NE comms conversation #2 “Lethargy is something that concerns me”


At the start of this series I promised you leading lights. Time to deliver on that and, in the words of Spinal Tap, turn it up to 11.

Stepping up today is Sarah Hall, one of the best known PR people in the region and also the only person I know who has won a medal for communications. Take it away Sarah….

What single bit of advice would you give graduates just entering the business?
Never stop learning. Continuous professional development feeds your mind, fulfils you and keeps you employed in the best jobs.

What made you get into the PR/comms business?
I had no clue what to do and just knew I did NOT want to be a teacher. I was probably around 16 when Mum made me do one of those career multi-choice question things and up popped PR as something that might suit. Turns out it was a pretty good match and I decided to study a subject area that has since turned into a bit of a passion for me.

How have things changed in the last 5 years?
It would be easier to answer how things haven’t changed! Digital technology has revolutionised the comm’s industry and will continue to do so for the foreseeable future. Smart PR practitioners have grasped the nettle, are retraining and understand that organisations need to tell their brand story in a coherent and compelling way. That job sits squarely with us and complements our skills perfectly.

Are you optimistic about the future?
What’s not to be optimistic about? It’s a hugely exciting time to be in comm’s. After all, change brings opportunity and the industry is crying out for people with digital skills. What’s more, as we climb out of recession, businesses are looking for more support. We celebrated five years in business this August and these past twelve months have been our best yet.

For you, what’s the real benefit of good PR/comms?
Behavioural change is one of the greatest benefits. It requires significant investment in time and resource if you are to properly engage with your audiences and is not something that can be achieved overnight but when you’re pushing a message that can change lives (such as something health, education or enterprise-related), there is nothing more rewarding than seeing a campaign successfully come to fruition. Never fails to give me a buzz.

What are the key traits people in PR need to succeed?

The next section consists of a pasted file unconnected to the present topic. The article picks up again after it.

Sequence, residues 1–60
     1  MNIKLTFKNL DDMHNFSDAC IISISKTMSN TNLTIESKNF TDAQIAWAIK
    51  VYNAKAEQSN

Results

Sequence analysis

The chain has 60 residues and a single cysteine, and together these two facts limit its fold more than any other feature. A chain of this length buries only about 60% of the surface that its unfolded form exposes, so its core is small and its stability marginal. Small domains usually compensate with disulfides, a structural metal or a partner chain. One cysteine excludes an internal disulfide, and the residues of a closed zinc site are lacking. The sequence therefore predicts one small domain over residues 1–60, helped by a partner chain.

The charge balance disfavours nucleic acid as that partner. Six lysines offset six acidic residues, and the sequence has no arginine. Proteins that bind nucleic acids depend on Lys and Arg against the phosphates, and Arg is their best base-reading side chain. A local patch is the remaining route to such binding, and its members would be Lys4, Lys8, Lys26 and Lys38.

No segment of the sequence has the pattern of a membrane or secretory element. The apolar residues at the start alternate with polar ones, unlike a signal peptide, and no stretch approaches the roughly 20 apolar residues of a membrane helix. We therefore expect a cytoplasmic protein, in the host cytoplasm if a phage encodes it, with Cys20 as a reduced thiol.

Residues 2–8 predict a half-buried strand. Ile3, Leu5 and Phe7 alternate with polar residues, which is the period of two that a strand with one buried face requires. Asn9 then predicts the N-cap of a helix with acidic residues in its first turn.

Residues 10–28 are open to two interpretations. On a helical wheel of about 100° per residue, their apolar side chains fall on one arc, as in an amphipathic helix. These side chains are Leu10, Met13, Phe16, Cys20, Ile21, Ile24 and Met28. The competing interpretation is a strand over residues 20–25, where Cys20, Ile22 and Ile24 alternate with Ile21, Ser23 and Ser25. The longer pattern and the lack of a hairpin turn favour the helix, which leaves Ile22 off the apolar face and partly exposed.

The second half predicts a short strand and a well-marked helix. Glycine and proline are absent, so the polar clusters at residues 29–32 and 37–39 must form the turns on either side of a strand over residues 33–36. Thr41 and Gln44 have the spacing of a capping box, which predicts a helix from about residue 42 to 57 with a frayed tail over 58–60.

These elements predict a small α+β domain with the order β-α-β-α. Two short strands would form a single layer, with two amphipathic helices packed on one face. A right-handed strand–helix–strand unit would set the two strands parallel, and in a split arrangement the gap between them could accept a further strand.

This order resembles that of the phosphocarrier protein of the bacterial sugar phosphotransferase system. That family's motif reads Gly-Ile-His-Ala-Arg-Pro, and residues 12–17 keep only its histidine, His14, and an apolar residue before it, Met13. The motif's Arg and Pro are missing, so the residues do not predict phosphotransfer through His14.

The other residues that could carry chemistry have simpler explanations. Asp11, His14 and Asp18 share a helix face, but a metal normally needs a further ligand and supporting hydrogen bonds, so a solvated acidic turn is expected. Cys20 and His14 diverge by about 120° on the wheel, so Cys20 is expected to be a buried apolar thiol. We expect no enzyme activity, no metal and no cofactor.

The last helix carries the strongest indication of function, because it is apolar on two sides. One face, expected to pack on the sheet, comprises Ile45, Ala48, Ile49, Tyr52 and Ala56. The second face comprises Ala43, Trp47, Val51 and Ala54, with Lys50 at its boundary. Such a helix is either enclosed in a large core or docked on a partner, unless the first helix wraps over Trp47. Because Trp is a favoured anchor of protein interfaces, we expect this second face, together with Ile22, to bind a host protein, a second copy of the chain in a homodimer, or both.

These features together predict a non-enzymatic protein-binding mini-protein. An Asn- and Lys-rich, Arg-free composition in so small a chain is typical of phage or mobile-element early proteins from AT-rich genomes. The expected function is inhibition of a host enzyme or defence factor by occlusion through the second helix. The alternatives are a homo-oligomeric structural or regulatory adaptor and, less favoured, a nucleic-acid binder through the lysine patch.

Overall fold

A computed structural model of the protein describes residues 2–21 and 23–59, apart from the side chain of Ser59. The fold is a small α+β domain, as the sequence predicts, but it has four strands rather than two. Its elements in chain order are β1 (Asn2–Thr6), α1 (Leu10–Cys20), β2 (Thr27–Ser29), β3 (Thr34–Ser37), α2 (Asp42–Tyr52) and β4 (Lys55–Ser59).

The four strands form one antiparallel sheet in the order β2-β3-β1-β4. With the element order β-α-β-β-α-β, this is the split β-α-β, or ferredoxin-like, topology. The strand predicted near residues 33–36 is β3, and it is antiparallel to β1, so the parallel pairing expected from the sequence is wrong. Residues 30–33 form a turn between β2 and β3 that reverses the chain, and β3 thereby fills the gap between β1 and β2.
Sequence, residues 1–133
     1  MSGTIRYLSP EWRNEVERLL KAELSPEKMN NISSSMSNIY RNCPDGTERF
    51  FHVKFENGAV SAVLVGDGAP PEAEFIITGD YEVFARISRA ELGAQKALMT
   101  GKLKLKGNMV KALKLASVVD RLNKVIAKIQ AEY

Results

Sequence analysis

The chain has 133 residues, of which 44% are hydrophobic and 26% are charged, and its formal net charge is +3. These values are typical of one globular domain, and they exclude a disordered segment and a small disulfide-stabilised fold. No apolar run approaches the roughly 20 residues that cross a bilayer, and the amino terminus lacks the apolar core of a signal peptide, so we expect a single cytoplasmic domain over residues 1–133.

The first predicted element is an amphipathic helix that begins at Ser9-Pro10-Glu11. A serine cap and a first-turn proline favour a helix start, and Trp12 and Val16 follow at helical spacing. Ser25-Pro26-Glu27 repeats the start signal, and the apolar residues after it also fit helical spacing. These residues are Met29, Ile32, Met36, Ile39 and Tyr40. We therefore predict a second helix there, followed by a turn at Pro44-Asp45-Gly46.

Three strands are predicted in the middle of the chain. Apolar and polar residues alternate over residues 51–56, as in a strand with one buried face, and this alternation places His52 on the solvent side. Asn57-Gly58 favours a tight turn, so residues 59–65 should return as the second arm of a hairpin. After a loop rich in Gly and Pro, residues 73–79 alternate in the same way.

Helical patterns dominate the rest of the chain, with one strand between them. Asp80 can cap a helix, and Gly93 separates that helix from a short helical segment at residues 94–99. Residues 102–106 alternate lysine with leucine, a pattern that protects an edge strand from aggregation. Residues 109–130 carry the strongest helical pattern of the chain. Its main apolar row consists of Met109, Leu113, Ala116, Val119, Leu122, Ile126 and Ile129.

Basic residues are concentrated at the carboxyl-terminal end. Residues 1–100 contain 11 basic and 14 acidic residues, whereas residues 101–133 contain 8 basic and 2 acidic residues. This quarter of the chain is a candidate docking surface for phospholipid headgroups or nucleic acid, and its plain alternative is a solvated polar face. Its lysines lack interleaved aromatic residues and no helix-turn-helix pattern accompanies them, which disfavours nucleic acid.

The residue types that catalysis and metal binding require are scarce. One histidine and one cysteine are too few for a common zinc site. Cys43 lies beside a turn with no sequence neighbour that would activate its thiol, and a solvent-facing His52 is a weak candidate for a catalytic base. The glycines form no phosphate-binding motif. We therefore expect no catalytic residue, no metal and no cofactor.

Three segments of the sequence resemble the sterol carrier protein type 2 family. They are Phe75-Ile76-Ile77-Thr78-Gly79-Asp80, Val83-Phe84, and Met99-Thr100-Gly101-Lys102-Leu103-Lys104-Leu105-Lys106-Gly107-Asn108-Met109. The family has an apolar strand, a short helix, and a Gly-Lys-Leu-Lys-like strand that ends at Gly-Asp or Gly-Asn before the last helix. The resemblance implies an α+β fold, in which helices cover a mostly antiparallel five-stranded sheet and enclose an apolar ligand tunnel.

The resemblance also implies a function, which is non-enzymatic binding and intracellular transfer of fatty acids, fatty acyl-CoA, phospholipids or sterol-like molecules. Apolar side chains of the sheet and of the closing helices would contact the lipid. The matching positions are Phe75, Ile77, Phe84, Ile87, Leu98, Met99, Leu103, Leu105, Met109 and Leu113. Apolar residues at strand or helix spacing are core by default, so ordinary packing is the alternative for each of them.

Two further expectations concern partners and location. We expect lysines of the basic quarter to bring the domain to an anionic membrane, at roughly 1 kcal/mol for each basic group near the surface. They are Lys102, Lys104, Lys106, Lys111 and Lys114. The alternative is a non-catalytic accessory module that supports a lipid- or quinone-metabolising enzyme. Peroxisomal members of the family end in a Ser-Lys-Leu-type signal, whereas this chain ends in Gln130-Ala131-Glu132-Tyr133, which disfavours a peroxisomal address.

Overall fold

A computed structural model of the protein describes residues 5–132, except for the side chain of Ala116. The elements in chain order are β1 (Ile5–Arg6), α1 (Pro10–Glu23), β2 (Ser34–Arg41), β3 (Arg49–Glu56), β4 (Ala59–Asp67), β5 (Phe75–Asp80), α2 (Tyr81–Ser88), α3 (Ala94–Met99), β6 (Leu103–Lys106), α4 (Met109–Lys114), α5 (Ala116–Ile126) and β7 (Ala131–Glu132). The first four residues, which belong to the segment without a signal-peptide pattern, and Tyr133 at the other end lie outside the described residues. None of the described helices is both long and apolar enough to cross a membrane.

Business acumen, perseverance, honesty and a slight touch of nosiness.

What advice would you give the younger you?
Don’t put so much pressure on yourself. Things happen when they do for a reason. You always have choices, even when you feel like you don’t. 

What do you see as the most important issues in PR right now?
I’m leading work at the CIPR on the gender pay gap (research shows there is an average salary discrepancy between men and women practitioners of £12k). As a female dominated industry, we need to find a way to lead on this issue and become an exemplar for other industries.

What worries you about the industry?
Lethargy is something that concerns me. In the past we have collectively been slow to react to the changing world around us – and that is a criticism of our sector bodies as well as us as individuals. We need to start looking more at the bigger picture and not just focus on the day to day.  We also need to shout louder as we work in a worthy industry and we have a clear role in helping organisations to achieve commercial success.

Who will play you when they get round to making the biopic of your life?
Maggie Gyllenhaal for sure. Although some of my mates would be shouting Kristen Wiig right now as they think we look like each other #winning.

What’s your favourite film?
Have a few but today I’m going with High Fidelity. I’m a big John Cusack fan.

What keeps you up at night?
Right now? My kids * yawns *

Sarah Hall runs her own PR and marketing business, Sarah Hall Consulting Ltd, is a Board member of the CIPR and recently graduated from Google’s digital marketing course, Squared. You can find her on Twitter @hallmeister

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